"Francis Jeffrey is celebrated as the editor of the Edinburgh Review, but little is known of his remarkable visit to America and his enthusiastic reception by American readers. Elliott and Hook have produced a marvellous edition of Jeffrey's record of his journey between New York and Washington during the second Anglo-American War. Historians will be fascinated by Jeffrey's account of his discussion of British-American differences with President James Madison and Secretary of State James Monroe, which furnish remarkable first hand accounts of these men's beliefs about the origins and nature of the conflict. Literary scholars will be intrigued by the unsuspected romantic sensibilities evident in Jeffrey's descriptions of the American environment. This is an excellent edition of Jeffrey's engaging account of the new American republic."
-- Simon P. Newman, Sir Denis Brogan Professor of American Studies, University of Glasgow.
Clare Elliott is Lecturer in Nineteenth-Century Literature at Northumbria University and has taught at the universities of Glasgow and Edinburgh, recently completing a post at Teesside University. Her research interests lie in Transatlantic Literary Studies, Transnationalism and Transatlantic Romanticisms. Clare has published on William Blake, Ralph Waldo Emerson and Walt Whitman and is reviewer of American literature to 1900 for the Year`s Work in English Studies.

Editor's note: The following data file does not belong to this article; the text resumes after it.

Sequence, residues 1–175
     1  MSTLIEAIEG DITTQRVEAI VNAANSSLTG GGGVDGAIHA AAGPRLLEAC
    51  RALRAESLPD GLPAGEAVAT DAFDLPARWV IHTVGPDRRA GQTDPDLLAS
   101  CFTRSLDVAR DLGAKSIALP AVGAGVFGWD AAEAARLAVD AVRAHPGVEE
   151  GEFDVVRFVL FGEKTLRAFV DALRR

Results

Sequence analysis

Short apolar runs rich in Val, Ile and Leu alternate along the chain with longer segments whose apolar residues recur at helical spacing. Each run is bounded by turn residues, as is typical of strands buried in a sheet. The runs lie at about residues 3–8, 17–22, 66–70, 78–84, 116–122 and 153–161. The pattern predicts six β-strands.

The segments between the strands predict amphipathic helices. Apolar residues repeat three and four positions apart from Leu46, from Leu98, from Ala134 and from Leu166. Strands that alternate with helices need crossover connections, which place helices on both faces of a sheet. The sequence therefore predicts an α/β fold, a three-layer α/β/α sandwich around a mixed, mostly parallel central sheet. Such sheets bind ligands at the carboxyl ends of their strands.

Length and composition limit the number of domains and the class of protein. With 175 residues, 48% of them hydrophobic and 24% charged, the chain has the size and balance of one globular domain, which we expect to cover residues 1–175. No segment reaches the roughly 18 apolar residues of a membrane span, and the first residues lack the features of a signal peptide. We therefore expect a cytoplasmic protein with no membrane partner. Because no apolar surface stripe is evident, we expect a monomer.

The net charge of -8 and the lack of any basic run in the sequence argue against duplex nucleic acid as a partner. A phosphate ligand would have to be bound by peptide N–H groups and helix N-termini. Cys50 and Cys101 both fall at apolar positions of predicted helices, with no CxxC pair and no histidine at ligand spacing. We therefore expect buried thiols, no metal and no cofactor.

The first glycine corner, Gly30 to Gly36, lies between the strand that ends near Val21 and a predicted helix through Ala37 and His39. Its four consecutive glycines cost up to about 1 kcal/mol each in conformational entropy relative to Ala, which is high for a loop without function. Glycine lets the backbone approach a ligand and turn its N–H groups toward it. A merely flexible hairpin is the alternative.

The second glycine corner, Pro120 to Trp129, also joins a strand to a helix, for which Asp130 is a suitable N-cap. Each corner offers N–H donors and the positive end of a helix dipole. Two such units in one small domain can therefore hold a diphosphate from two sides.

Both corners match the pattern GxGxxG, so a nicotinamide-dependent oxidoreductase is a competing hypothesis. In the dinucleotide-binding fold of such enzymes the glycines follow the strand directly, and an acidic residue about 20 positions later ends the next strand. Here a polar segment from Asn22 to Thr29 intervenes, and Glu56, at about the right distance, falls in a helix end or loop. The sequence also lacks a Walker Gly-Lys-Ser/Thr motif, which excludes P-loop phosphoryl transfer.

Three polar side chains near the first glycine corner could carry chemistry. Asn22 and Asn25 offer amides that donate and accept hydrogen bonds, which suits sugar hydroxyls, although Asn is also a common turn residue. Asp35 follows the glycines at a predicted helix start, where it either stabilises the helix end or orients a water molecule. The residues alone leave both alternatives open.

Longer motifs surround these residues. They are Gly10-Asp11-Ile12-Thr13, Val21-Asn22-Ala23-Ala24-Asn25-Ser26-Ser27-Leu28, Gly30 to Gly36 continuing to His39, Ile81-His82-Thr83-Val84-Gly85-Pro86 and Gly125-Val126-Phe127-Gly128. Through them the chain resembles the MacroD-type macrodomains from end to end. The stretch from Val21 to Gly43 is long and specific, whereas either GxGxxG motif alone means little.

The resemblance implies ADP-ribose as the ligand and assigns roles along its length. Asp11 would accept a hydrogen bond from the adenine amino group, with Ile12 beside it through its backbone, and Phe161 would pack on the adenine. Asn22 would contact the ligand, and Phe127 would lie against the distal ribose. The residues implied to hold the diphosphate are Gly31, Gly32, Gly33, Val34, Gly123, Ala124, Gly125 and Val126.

A Fellow of both the British Academy and the Royal Society of Edinburgh, Andrew Hook is Emeritus Bradley Professor of English Literature at the University of Glasgow. He has recently held visiting appointments at American universities including Princeton and Dartmouth. Among his many publications are a book of essays on the Scottish-American theme, From Goosecreek to Gandercleugh: Studies in Scottish-American Literary and Cultural History (1999), two books on F. Scott Fitzgerald and editions of works by Sir Walter Scott and Charlotte Bronte.